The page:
Sunday, February 8, 2015

BASHIR LAZHAR • Upstream Theater

Évelyne de la Chenelière's "Bashir Lazhar" is the story of a French-Algerian political refugee living in Montreal. This play, essentially a monologue, was beefed up and adapted into a film in 2011 and earned an Academy Award nomination for Best Foreign Language Film. The stage play is an intimate affair, performed small-scale with a sparse set at the Kranzberg's black box, but J. Samuel Davis breathes a world of life into the character of Bashir Lazhar -- this immigrant trying to navigate his surroundings in the wake of a civil war, in a superb solo performance full of resilience, heartache and humor.

The play opens with Bashir nervously preparing to greet his classroom of sixth graders. The students have tragically lost their previous teacher, Martine Lachance, and Bashir has taken the job as her substitute. He's got a way with his students -- encouraging but tough, trying to help them cope with the loss of Lachance, and prepare them for the world and the violence within it, because he, along with his students, have been through harrowing times. His story unfolds slowly through a series of scenes that jump back and forth in time. Bashir bonds with the kids, talks to colleagues, breaks the school regulations with his unorthodox teaching style, and has mournful conversations with himself and flashback conversations with his family as they try to escape the Algerian Civil War.

J. Samuel Davis (Bashir Lazhar)
Photo credit: Peter Wochniak
Playwright de la Chenelière's script is full of lyrical passages and revelations that dole out the story bit by bit, but can be tough to put together until later in the play. Under Philip Boehm's direction, Davis carries us through the eighty or so minutes with an impressive range, keeping our attention throughout and stringing together his scenes with heartfelt emotion. Cristie Johnston's scenic design includes a couple of pieces of furniture and a locker, with lighting design by Steve Carmichael, and Farshid Soltanshahi's music that guides us through changes in place and time.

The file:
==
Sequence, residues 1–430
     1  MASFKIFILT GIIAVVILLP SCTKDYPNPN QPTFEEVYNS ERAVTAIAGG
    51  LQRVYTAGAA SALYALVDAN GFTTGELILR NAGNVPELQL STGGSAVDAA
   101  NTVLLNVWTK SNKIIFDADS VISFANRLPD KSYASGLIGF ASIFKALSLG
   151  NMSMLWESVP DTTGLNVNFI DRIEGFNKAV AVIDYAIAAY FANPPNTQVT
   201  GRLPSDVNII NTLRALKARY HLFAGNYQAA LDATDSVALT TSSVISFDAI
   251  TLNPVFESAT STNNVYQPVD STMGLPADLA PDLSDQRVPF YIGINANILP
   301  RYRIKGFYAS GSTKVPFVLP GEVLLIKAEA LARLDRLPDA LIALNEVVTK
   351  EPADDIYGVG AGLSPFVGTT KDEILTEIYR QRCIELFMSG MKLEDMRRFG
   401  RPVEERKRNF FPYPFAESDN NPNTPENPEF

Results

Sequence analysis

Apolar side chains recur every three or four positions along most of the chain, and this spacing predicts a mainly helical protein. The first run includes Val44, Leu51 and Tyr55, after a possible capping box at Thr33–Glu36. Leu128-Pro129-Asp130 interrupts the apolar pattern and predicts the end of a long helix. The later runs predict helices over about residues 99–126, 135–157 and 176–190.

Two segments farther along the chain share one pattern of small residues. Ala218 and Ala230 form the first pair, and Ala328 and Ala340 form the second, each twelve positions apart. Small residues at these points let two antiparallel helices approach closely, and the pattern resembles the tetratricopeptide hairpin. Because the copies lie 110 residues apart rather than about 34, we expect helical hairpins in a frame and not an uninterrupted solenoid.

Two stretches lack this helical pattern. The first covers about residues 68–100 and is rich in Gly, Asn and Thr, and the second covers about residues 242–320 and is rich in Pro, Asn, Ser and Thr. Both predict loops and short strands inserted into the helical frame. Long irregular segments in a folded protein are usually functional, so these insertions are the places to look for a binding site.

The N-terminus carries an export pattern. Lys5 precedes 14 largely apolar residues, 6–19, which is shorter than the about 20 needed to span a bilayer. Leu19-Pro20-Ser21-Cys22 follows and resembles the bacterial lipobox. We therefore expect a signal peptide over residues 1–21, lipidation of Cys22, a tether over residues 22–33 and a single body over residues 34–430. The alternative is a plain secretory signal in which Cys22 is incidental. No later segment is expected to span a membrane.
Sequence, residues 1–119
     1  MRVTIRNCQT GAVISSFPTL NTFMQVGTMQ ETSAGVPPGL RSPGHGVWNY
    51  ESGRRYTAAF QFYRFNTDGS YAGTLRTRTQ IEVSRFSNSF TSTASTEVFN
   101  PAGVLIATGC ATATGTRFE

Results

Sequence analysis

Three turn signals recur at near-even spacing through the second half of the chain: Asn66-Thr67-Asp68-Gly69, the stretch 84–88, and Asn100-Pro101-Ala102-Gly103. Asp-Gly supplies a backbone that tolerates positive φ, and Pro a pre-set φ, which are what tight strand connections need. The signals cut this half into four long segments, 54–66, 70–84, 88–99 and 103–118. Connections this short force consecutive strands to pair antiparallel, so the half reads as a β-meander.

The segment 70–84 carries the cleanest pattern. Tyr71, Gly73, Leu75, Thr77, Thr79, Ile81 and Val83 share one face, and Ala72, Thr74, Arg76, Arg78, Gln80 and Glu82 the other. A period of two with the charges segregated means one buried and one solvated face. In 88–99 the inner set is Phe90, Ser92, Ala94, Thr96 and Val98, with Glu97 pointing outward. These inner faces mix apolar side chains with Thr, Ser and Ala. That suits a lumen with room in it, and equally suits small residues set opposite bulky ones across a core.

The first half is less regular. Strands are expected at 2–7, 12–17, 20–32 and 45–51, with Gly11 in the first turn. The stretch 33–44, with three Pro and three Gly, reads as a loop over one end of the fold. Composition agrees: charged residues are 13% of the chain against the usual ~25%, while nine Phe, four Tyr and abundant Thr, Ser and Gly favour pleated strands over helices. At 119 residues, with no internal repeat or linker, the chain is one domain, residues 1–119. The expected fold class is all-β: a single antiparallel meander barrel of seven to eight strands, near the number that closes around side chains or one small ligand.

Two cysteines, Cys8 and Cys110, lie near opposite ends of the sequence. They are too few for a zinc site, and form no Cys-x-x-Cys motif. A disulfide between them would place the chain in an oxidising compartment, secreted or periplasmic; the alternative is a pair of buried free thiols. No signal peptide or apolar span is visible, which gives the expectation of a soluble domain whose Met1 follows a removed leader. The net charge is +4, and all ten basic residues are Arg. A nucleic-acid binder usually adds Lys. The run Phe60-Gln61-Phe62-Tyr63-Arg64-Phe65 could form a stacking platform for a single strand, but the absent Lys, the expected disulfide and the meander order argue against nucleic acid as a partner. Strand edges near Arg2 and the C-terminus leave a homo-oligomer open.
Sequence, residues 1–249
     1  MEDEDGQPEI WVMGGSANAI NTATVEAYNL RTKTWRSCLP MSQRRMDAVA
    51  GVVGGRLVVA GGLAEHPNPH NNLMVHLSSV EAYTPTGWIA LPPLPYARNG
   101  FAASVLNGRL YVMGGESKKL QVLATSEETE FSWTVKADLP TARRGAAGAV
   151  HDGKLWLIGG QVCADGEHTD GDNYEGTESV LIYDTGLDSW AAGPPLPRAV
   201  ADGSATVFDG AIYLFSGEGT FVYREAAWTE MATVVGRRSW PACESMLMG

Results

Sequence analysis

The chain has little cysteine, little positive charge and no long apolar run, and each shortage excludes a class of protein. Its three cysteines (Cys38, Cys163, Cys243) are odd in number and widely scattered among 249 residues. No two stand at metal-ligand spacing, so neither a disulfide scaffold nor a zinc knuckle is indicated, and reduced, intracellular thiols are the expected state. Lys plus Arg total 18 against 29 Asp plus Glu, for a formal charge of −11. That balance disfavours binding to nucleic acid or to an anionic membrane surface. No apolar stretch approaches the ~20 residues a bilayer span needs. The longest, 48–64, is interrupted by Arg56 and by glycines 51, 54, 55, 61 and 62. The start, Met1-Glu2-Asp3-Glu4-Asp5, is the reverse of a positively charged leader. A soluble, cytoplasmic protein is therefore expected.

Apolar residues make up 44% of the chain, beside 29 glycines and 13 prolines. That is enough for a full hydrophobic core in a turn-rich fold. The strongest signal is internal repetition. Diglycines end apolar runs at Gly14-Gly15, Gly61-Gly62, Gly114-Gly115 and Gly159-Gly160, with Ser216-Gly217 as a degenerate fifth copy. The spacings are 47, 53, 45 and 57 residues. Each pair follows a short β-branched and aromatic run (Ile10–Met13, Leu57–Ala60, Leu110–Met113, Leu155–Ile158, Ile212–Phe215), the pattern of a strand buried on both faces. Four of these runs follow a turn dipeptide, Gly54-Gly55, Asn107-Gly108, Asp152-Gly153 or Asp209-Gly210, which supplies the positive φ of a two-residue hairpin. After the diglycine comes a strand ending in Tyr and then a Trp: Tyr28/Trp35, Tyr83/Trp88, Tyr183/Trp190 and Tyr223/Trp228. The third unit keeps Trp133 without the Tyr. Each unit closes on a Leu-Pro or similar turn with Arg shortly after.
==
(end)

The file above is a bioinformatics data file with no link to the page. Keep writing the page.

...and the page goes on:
J. Samuel Davis (Bashir Lazhar)
Photo credit: Peter Wochniak
This local premiere, well worth checking out, is at the Kranzberg until the 15th.


Written by Évelyne de la Chenelière, translated by Morwyn Brebner
Directed by Philip Boehm 
Kranzberg Arts Center, 501 North Grand Blvd.
through February 15 | tickets: $20 - $30
Performances Thursdays to Saturdays at 8pm, Sundays at 7pm

J. Samuel Davis* (Bashir Lazhar), Aliyah Taliaferro - 1/30 - 2/1, Eden Harris - 2/5 - 2/8, Avery Smith - 2/12 - 2/15 (Girl).
* Member Actors' Equity Association

Scenic design by Cristie Johnston; costume design by Michele Friedman Siler; lighting design by Steve Carmichael; music by Farshid Soltanshahi; properties design by Claudia Horn; stage manager, Patrick Siler.

1 comment:

  1. Outstanding play. We saw it last night and could not believe that the end had come. We were mesmerized throughout the whole play.